Scott and Matt discuss what is a cue and why good coaches give cues.
You should only have to teach a lifter a lift once, but you will have to correct that person’s execution of the lift. Because we can’t as coaches lift the weight for the lifter, we have to deliver information to the lifter as they lift to get them lifting more in line with the model. We do this with a cue.
Cues can be visual, tactile, or verbal.
Verbal cues need to be loud, clear, and short. The lifter has to hear the cue, understand the cue, and use the cue.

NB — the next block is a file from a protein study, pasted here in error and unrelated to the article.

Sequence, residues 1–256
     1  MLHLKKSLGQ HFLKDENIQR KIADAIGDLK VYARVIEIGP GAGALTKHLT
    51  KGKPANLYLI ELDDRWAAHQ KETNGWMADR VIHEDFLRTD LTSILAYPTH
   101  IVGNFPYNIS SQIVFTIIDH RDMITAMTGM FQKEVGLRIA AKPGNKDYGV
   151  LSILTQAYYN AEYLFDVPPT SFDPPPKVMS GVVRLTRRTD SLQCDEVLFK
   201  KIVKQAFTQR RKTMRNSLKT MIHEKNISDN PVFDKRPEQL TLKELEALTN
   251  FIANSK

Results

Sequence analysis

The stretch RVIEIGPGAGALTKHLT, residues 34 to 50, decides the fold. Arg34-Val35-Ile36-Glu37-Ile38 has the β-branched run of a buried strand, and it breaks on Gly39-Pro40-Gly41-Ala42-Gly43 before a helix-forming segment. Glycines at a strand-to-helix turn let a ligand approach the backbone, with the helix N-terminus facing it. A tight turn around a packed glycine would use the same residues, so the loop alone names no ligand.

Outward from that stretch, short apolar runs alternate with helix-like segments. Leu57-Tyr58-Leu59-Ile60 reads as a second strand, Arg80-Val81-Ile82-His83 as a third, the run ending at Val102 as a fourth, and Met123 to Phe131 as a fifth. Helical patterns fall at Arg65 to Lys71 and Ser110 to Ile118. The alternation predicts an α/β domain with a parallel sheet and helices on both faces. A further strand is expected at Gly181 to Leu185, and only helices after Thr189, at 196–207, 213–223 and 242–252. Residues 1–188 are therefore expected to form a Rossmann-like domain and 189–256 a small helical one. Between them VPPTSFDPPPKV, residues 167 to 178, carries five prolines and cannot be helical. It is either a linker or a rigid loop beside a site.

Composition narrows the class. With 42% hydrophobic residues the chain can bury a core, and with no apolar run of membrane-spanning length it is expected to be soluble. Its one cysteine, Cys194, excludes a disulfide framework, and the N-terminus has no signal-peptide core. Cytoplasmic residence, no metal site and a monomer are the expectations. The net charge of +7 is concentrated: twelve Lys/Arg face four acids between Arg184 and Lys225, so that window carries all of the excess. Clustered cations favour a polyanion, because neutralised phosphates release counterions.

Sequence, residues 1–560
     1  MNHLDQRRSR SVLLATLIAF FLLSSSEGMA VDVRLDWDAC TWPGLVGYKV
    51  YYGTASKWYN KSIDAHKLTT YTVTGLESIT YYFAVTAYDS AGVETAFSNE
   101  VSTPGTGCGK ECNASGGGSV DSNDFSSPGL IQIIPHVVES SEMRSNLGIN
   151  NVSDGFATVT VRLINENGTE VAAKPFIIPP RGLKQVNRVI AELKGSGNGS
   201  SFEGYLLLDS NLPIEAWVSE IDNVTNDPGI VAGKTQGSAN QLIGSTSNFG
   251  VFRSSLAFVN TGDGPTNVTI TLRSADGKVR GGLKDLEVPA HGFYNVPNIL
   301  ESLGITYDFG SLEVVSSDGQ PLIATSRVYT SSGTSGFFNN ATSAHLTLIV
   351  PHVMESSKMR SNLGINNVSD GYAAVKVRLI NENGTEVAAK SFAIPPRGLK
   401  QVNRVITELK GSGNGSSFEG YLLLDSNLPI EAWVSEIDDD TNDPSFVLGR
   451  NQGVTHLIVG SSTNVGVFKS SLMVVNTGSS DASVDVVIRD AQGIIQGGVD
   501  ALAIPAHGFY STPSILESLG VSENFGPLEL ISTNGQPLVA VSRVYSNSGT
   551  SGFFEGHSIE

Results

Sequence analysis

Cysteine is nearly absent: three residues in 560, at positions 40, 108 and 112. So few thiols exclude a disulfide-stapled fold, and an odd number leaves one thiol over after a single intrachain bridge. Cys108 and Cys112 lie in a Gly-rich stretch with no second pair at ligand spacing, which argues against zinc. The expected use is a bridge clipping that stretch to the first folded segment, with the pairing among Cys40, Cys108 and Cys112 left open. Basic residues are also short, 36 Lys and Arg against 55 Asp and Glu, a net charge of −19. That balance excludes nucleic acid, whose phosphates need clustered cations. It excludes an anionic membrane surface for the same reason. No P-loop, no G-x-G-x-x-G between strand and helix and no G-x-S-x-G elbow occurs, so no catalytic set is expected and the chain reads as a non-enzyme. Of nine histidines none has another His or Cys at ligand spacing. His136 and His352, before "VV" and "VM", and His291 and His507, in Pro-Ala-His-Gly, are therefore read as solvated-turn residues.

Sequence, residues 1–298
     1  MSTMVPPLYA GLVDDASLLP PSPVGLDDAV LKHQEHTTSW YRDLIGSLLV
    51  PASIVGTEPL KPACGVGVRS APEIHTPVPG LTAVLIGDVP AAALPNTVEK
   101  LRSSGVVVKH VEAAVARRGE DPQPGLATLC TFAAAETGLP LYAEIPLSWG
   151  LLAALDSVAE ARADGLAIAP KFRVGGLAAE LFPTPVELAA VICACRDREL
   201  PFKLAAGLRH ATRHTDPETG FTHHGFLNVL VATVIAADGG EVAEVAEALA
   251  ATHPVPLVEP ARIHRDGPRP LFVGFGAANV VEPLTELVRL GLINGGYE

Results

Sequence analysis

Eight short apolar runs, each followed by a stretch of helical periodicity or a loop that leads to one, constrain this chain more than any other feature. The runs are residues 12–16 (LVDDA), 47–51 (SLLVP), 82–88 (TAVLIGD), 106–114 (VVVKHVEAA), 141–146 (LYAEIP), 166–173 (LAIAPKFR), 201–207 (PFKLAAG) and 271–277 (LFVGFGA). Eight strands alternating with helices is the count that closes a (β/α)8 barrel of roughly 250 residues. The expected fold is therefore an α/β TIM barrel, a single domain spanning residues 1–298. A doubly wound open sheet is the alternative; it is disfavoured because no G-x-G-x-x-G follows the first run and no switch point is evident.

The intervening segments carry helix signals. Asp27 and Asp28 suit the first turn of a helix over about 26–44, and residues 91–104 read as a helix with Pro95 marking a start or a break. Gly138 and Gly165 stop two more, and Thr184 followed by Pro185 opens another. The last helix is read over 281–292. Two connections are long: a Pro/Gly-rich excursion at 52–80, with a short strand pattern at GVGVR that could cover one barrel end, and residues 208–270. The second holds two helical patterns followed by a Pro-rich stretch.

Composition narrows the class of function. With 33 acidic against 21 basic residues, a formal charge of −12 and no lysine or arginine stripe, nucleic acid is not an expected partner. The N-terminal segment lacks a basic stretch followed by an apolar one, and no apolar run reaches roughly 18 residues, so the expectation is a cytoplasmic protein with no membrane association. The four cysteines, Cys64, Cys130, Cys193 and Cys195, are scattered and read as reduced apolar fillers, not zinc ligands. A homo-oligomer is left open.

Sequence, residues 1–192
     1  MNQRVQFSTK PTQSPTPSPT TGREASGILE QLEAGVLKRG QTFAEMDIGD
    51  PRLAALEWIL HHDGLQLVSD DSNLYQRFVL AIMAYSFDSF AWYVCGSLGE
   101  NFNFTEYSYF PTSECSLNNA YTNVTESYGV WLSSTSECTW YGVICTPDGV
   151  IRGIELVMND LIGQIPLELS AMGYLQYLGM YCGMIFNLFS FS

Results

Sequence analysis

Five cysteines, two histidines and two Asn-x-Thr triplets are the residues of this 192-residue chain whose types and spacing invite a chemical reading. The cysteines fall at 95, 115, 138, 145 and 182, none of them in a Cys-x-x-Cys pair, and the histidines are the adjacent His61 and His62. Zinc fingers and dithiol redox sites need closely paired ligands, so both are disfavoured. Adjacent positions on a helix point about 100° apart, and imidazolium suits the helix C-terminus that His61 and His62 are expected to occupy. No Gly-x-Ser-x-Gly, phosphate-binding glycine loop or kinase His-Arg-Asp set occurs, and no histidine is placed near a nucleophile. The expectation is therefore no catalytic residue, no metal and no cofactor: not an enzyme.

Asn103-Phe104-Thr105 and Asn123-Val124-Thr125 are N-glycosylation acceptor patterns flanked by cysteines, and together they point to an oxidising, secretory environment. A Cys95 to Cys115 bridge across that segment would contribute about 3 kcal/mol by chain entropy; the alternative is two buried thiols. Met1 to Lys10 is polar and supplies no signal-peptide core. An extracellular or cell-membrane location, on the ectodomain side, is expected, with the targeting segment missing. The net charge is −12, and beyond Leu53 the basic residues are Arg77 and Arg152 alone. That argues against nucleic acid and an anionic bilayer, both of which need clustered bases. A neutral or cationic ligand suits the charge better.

Visual is pointing or in some other way (for example, showing a lifter a relatively horizontal yet diagonal forearm to emphasize that they need to lean over in the low bar squat).
A tactile cue is touching the lifter. A coach may physically put the lifter in the right position (grab the elbows in the press to bring them up and forward) or touching the low back in the deadlift to emphasize lumbar extension.
Cues don’t need to be correct. The point of the cue is to provide the thing the lifter needs to move more correctly during or between the performance of the lift (between is necessary for online coaching).
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